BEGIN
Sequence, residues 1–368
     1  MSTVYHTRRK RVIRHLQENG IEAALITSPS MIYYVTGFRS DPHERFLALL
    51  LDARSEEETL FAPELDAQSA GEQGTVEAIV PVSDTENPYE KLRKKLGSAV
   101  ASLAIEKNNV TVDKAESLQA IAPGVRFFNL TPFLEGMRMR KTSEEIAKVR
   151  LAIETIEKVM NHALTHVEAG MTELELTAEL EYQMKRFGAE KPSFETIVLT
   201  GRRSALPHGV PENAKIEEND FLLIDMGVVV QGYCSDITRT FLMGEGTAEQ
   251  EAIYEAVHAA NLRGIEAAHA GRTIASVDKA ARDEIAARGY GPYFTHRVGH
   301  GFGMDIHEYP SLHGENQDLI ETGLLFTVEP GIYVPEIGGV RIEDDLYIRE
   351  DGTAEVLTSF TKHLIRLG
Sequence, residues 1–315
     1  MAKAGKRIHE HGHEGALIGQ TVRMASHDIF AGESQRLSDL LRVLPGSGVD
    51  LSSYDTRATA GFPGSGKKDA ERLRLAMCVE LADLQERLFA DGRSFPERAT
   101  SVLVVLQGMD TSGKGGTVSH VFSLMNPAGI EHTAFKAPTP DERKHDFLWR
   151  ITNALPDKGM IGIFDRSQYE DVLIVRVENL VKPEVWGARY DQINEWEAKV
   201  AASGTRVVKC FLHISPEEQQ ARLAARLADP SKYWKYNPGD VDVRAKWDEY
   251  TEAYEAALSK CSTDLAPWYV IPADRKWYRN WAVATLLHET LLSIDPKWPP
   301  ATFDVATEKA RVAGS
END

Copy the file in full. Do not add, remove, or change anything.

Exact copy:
Sequence, residues 1–368
     1  MSTVYHTRRK RVIRHLQENG IEAALITSPS MIYYVTGFRS DPHERFLALL
    51  LDARSEEETL FAPELDAQSA GEQGTVEAIV PVSDTENPYE KLRKKLGSAV
   101  ASLAIEKNNV TVDKAESLQA IAPGVRFFNL TPFLEGMRMR KTSEEIAKVR
   151  LAIETIEKVM NHALTHVEAG MTELELTAEL EYQMKRFGAE KPSFETIVLT
   201  GRRSALPHGV PENAKIEEND FLLIDMGVVV QGYCSDITRT FLMGEGTAEQ
   251  EAIYEAVHAA NLRGIEAAHA GRTIASVDKA ARDEIAARGY GPYFTHRVGH
   301  GFGMDIHEYP SLHGENQDLI ETGLLFTVEP GIYVPEIGGV RIEDDLYIRE
   351  DGTAEVLTSF TKHLIRLG
Sequence, residues 1–315
     1  MAKAGKRIHE HGHEGALIGQ TVRMASHDIF AGESQRLSDL LRVLPGSGVD
    51  LSSYDTRATA GFPGSGKKDA ERLRLAMCVE LADLQERLFA DGRSFPERAT
   101  SVLVVLQGMD TSGKGGTVSH VFSLMNPAGI EHTAFKAPTP DERKHDFLWR
   151  ITNALPDKGM IGIFDRSQYE DVLIVRVENL VKPEVWGARY DQINEWEAKV
   201  AASGTRVVKC FLHISPEEQQ ARLAARLADP SKYWKYNPGD VDVRAKWDEY
   251  TEAYEAALSK CSTDLAPWYV IPADRKWYRN WAVATLLHET LLSIDPKWPP
   301  ATFDVATEKA RVAGS